Building Block. In a canvas there are nine basic Building Blocks showing the logic of how a company intends to make money. The nine blocks cover the four main areas of a business: customers, offer, infrastructure and financial viability. The nine building blocks are customer segments, value propositions, channels, customer relationships, revenue streams, key resources, key activities, key partnerships and cost structure. One Building Block may be reused in several Business Model Canvases.

Business Process. A business process is initiated by an event and consists of a collection of activities, which together creates an output of value to the customer. The process does not describe the flow of activities. It is only used to define the activities delivering value to the customers. Other activities must be omitted.

Activity. A Business Process consists of a number of activities. One activity belongs to only one business process.

Information Group. An Overall Business Information Group (OBIM) consists of a number of entities. One entity belongs to one and only one Information Group.

An Information Group is either Master Data or Event Data. Master Data may be divided into Person Data, Product Data or Infrastructure Data.

Entity. An entity is a basic concept in an organization. It may be an event, a person, a place or a thing of interest to keep information about. It has to be defined by an unique and stable identifier. A number of data elements or attributes belongs to one and only one entity (the normalization rule).

Wanted – More EA Maturity Heroes

Maybe there are more EA Heroes out there that we have not found yet, especially related to EA Principle 8 and 9.

The EA Principle #8: “Invest in reusable components”. Credit Suisse invested a lot trying to build reusable components based on processes, but they found the reuse to be very low. Our and maybe also their conclusion is that the components must be based on data. We think that the Overall Business Information Group is a reasonable level to build reusable components from.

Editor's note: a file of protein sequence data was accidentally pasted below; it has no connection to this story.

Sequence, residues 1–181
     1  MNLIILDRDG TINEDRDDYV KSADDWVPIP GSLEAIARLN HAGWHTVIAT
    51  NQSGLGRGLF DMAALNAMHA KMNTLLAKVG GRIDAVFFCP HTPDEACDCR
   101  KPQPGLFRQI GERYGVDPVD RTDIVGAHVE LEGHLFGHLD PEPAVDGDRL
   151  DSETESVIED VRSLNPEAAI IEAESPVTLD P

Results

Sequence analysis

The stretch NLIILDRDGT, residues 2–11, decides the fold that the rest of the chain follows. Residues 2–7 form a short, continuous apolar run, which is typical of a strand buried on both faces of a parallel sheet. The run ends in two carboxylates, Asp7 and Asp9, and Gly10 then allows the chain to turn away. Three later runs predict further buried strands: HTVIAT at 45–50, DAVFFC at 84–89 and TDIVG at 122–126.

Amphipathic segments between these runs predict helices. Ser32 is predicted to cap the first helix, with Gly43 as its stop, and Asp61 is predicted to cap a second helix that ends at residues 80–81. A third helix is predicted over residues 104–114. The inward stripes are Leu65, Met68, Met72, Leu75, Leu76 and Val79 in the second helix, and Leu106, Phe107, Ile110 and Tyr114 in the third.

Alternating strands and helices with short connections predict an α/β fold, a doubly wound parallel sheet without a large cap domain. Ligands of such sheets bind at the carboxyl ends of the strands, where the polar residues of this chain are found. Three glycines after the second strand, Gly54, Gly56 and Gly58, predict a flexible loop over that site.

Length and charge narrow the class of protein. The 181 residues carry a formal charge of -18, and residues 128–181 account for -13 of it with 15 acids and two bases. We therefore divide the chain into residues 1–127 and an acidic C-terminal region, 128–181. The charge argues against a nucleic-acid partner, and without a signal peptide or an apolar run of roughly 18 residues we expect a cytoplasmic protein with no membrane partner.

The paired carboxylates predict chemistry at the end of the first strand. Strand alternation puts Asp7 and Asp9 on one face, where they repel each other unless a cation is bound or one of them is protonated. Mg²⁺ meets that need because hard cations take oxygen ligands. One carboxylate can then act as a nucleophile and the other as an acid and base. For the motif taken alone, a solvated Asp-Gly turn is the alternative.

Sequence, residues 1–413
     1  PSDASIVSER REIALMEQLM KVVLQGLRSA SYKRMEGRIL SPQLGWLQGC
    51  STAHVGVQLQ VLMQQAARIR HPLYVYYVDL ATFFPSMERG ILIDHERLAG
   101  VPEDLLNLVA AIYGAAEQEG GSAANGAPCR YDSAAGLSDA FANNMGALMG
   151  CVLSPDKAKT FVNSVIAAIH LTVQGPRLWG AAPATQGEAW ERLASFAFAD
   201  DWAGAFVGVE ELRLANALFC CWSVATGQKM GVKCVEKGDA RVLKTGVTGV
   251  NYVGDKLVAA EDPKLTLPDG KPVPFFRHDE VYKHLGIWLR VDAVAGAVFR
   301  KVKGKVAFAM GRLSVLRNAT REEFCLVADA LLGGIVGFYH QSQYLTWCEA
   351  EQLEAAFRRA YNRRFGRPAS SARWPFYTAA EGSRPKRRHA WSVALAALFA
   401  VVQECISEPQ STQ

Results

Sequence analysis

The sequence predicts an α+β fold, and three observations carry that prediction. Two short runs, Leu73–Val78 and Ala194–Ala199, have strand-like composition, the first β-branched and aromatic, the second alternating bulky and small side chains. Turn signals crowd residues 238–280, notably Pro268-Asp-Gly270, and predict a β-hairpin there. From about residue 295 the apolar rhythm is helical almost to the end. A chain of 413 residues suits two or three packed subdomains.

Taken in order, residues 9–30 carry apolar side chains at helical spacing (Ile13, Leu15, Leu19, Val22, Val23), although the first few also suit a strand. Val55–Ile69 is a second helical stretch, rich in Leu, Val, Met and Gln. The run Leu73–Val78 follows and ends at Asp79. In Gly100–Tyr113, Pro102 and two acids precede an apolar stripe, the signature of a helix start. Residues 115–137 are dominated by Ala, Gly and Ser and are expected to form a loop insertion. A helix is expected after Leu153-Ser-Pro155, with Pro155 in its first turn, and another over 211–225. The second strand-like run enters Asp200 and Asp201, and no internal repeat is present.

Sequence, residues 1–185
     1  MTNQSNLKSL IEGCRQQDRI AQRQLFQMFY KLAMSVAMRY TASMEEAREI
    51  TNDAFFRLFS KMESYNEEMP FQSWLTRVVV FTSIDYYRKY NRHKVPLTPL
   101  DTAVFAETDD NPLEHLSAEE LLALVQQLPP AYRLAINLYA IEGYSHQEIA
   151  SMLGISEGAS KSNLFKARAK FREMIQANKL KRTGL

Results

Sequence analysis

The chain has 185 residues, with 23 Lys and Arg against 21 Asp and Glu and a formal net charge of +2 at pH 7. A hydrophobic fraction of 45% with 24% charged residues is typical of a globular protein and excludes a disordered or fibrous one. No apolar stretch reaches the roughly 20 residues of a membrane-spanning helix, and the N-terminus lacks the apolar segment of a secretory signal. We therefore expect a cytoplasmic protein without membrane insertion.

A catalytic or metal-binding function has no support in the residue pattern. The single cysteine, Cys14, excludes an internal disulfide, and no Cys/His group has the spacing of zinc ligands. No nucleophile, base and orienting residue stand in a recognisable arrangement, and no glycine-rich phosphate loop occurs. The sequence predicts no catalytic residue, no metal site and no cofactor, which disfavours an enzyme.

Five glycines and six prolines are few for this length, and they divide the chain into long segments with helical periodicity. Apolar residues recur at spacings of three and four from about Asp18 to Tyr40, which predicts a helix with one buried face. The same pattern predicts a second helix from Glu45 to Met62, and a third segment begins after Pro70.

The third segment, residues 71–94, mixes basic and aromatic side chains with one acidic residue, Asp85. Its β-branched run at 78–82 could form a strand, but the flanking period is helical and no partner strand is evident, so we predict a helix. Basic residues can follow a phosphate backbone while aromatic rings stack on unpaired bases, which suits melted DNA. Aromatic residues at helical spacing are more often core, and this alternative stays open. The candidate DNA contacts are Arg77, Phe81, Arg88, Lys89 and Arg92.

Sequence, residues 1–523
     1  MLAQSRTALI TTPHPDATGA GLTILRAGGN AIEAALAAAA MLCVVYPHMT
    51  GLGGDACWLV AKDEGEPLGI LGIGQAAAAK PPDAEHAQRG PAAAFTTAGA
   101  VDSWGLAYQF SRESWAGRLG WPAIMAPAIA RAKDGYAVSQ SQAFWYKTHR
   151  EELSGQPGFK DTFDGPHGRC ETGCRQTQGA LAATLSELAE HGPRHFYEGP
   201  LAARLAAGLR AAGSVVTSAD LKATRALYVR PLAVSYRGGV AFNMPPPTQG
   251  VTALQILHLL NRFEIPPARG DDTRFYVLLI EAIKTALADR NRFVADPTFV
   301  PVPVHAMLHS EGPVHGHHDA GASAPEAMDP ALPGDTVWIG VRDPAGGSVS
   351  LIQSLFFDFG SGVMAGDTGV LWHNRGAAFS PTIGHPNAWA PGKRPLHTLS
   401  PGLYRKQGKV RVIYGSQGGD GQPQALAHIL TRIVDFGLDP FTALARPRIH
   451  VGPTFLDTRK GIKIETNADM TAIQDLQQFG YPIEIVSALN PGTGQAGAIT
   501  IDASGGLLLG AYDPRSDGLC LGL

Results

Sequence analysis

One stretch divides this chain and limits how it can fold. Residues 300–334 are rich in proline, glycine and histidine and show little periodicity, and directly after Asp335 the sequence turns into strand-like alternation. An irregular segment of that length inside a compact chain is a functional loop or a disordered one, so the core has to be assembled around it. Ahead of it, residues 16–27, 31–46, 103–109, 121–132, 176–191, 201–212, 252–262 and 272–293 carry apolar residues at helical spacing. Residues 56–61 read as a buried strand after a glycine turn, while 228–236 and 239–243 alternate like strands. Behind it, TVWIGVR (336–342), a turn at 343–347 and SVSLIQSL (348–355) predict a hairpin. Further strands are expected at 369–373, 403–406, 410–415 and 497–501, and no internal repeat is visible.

The EA principle #9: Develop and follow up an EA – Project agreement for new IT Solutions.

Inspired by the car industry where car designers agree to reuse the standard platforms, we are able to share our components. It means that the architects have to work together and more closely with the development projects. That will help them to add value to both the architecture and the new IT solutions.

Our effort to develop a set of EA Principles is inspired by Danny Greefhorst and Erik Proper and their book The Architecture Principles – the Cornerstones of Enterprise Architecture. “Architecture principles are finally getting the well-deserved attention they have too long lacked,” Len Fehskens stated in his foreword.  EA Principles are very important when trying to establish a Core Knowledge for EA.

Your comments or questions to this article are highly appreciated, just send me an email. Tell me if you want to take an active role in trying to establish a Core Knowledge for EA.

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Eskil Swende

Eskil Swende

Eskil is main partner at IRMÊ, a Scandinavian consulting company focusing on Enterprise Architecture and the Innovation Process. He is also a partner at IRM UK, a strategic education company in London that provides seminars and arranges yearly conferences on EA, IA, MDM and BPM. Eskil is President of DAMA Chapter Scandinavia and has developed a global wisdom network of leading experts inside and outside DAMA, inviting them to give presentations and tutorials in Scandinavia. He can be reached at Eskil.Swende@irm.se.